The White House described highlights of the competition for economic power between the United States and China in the Indo-Pacific and the world.
On this, it highlighted the following conditions in its National Security Strategy.
- The People’s Republic of China (PRC) is the only competitor to the United States that has the intent to reshape the international order and, increasingly, the economic, diplomatic, military, and technological power to do so.
- Beijing has ambitions to create a greater sphere of influence in the Indo-Pacific and become the world’s leading power.
- The PRC uses its technological capabilities and its growing influence in international institutions to create more permissive conditions for its own authoritarian model, and to shape the use of technology and global norms to privilege its interests and values.
- Beijing often uses its economic power to coerce countries.
- The PRC benefits from the opening of the international economy while limiting access to its domestic market, and seeks to make the world more dependent on the PRC while reducing its own dependence on the world.
- Also, the PRC is investing in a rapidly modernizing, increasingly capable military in the Indo-Pacific, and growing in strength and reach globally, all while seeking to erode U.S. alliances in the region and around the world.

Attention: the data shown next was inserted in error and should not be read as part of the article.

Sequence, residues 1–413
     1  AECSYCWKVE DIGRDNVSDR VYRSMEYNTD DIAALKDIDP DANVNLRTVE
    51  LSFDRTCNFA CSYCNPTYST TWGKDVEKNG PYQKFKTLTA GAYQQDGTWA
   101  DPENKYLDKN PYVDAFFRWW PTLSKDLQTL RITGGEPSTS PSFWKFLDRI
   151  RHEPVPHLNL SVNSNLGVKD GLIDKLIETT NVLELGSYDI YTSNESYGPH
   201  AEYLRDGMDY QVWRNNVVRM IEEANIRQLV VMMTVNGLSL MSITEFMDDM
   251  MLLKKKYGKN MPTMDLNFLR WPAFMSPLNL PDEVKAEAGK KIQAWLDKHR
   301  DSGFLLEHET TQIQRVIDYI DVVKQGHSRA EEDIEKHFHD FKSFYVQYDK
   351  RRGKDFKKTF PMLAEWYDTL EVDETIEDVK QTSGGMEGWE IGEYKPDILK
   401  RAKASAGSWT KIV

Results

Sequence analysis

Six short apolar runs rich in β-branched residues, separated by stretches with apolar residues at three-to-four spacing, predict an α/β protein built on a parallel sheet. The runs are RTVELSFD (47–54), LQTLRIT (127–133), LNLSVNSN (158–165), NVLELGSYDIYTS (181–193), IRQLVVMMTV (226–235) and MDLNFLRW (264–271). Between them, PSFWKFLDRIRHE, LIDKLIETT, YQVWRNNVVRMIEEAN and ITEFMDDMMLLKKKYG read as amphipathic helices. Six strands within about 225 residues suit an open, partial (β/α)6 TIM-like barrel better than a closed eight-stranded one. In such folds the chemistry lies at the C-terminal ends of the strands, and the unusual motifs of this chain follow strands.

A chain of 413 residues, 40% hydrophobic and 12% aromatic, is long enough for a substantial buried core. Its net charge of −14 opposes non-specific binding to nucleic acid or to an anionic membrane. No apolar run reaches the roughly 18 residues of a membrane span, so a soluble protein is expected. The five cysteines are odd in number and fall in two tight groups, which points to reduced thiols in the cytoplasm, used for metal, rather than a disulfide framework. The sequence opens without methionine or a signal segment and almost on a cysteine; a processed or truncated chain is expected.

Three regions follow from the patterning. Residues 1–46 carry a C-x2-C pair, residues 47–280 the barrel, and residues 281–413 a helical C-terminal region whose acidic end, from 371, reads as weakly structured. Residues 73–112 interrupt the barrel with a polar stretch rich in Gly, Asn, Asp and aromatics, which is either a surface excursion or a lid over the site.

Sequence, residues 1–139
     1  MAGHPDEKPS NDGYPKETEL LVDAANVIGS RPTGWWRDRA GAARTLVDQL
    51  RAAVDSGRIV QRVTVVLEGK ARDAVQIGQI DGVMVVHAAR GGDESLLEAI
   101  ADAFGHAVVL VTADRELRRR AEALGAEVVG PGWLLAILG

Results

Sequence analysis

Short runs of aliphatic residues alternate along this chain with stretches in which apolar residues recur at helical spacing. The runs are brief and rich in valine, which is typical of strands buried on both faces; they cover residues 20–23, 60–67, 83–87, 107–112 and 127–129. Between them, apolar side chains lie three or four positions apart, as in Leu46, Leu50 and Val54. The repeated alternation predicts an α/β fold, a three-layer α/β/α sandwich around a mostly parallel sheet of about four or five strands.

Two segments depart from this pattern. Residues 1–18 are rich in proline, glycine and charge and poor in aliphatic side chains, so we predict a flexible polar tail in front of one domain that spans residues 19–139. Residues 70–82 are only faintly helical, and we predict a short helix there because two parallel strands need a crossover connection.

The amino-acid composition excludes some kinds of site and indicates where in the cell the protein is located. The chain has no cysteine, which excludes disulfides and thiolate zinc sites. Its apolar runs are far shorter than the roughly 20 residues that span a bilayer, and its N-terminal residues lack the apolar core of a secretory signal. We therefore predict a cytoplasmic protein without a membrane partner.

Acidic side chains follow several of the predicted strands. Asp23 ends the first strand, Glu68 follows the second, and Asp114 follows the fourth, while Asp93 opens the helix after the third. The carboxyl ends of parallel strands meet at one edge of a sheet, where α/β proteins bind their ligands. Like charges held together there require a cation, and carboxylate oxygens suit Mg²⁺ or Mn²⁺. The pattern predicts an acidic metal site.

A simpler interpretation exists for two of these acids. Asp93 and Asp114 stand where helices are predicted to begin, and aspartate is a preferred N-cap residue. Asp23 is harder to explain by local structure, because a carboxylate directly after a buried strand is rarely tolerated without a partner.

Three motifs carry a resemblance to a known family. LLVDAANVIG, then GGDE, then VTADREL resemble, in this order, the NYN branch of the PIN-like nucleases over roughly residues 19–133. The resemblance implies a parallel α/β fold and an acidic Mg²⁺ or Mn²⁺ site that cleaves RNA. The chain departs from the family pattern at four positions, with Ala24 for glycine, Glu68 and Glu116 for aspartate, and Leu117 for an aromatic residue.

- At the same time, the People’s Republic of China is central to the global economy and has a significant impact on shared challenges, particularly climate change and global public health.
- It is possible for the United States and the PRC to coexist peacefully, and to share and contribute together to human progress.
Now, the U.S. strategy vis-à-vis the PRC is threefold:
- Invest in the fundamentals of its strength at home-its competitiveness, its innovation, its resilience, its democracy.
- Align efforts with the U.S. network of allies and partners, acting with common purpose and common cause.
- Compete responsibly with the PRC to defend its interests and build its vision for the future.
In competing with the PRC, as in other areas, it is clear that the next ten years will be the decisive decade.
In the end, the White House indicates that while the United States has deep differences with the Chinese Communist Party and government, those differences are between governments and systems, not between their peoples.